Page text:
It tucks the small ship behind the big ship and is often used if you have Tactical Jammers on the big ship. If you want to keep this formation, have the small ship perform maneuvers 1-speed faster than the big ship.

As a variation, you can deploy the forward-facing ship touching the side-facing ship instead of distance 1 apart. If you do this with the side-facing ship facing the board edge, make sure your side-facing ship is at least distance 3 away from the board edge so its turn will fit.

General Deployment Principles

Why not deploy ships right next to each other?

Imagine deploying your ships side by side. They each take up 1 ship base in width. After a bank, they've turned 45 degrees. As we learned in high school, the diagonal is ~1.4x the ship's width so your ships won't fit. (You also won't be able to do hard turns because there won't be room for the nubs.)

There may be cases where you'd want to deploy ships right next to each other, but it'll be harder to fly them close together without bumping.

Why deploy your ships in a tight formation?

Focusing your fire on one enemy ship is very important in this game. It reduces the damage you take by killing enemy ships faster, and it's often the only reliable way to push damage through on tokened-up evasive ships. If you spread your ships out, there's a risk your opponent will rush down an isolated ship before your other ships can help it. It's also easier to fly your ships in formation as one "super-large" ship rather than fly your ships independently.

That said, there are reasons why you'd spread your ships out. For example, suppose you have a high-pilot skill ace with your group of jousting ships. If your ace deploys last and your jousters are deployed opposite to your opponent, you can deploy your ace in a flanking position to make it harder for your opponent to focus it down. This is especially true if your ace relies on avoiding enemy firing arcs; these ships don't want to be too close to your other ships. You may also have to spread your ships out if your game plan relies on killing one specific enemy ship first.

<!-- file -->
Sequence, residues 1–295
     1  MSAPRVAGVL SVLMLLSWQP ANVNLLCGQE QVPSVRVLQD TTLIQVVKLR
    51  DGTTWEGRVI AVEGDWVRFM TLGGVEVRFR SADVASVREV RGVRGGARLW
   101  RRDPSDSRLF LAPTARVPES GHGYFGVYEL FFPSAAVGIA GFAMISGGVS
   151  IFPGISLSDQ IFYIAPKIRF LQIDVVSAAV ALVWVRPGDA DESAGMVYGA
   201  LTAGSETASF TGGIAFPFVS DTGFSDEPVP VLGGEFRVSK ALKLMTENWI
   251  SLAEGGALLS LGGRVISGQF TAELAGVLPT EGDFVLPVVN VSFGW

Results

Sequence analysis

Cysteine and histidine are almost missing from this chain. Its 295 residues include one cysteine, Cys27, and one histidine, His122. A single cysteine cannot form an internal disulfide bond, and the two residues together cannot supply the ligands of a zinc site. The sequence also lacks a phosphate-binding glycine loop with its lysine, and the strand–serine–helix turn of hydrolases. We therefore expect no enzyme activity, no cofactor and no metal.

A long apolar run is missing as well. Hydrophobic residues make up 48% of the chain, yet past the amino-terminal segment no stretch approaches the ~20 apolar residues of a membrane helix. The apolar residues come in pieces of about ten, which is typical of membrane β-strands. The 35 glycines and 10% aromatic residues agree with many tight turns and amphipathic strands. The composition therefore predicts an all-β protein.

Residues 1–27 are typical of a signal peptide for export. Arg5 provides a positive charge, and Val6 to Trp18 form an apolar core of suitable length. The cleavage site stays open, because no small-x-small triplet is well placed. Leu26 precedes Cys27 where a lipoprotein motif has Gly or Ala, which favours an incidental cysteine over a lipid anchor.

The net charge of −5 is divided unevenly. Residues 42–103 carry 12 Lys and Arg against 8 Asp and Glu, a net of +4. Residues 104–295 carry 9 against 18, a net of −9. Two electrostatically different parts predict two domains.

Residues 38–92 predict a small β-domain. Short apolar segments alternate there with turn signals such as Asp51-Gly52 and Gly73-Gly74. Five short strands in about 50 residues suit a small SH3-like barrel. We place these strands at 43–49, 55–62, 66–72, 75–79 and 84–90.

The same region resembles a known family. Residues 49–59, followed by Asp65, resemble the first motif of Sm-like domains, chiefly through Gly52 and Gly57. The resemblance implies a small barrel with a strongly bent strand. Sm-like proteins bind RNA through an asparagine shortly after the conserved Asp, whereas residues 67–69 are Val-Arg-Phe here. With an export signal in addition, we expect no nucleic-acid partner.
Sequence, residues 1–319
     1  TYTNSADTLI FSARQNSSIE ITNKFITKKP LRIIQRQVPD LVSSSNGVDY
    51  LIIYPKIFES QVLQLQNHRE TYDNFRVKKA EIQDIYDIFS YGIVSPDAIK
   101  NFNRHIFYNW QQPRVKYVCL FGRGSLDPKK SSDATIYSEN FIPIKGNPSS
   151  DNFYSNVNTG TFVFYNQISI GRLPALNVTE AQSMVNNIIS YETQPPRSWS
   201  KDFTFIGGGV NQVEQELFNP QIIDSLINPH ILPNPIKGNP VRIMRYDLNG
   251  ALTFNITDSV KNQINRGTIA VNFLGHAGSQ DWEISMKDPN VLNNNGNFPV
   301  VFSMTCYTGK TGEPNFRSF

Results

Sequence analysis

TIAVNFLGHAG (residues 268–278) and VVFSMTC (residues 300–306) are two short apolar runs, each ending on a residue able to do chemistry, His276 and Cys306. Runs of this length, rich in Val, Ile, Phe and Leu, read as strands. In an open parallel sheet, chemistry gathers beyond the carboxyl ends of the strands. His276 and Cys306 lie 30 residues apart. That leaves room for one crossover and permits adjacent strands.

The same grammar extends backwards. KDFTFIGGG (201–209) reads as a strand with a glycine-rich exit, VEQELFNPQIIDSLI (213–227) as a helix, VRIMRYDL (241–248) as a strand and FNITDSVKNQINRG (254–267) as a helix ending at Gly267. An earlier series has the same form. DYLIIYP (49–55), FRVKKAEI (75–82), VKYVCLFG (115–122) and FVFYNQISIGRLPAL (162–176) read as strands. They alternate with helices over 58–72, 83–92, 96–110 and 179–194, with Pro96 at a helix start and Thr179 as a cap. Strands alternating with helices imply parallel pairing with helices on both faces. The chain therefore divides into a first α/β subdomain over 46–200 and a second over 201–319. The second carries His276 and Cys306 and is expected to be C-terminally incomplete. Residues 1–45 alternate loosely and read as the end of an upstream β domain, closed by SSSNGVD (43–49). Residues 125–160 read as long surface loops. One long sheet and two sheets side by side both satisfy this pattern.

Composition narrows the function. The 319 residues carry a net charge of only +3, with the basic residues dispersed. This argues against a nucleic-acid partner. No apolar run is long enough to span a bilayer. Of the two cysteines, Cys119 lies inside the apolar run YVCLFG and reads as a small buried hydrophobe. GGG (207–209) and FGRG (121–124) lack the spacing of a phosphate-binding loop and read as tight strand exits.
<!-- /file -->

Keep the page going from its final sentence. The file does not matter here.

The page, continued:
Keep in mind these formations are for deployment and pre-engagement moves. You may want to split ships off to block in the initial engagement, and your formation will inevitably break apart after the first turn or two of engagement.

Why deploy in the corner?

You usually want to deploy in the corner for two reasons. First, it limits the directions your opponent can attack you from. You'll be able to cover most flanking options by either banking or hard turning. Second, it limits your opponent's options after the initial engagement. Suppose you deployed in the corner while your opponent deployed in the center. After your opponent's ships turn to face yours, they'll be facing the board edge and many not be able to safely K-Turn.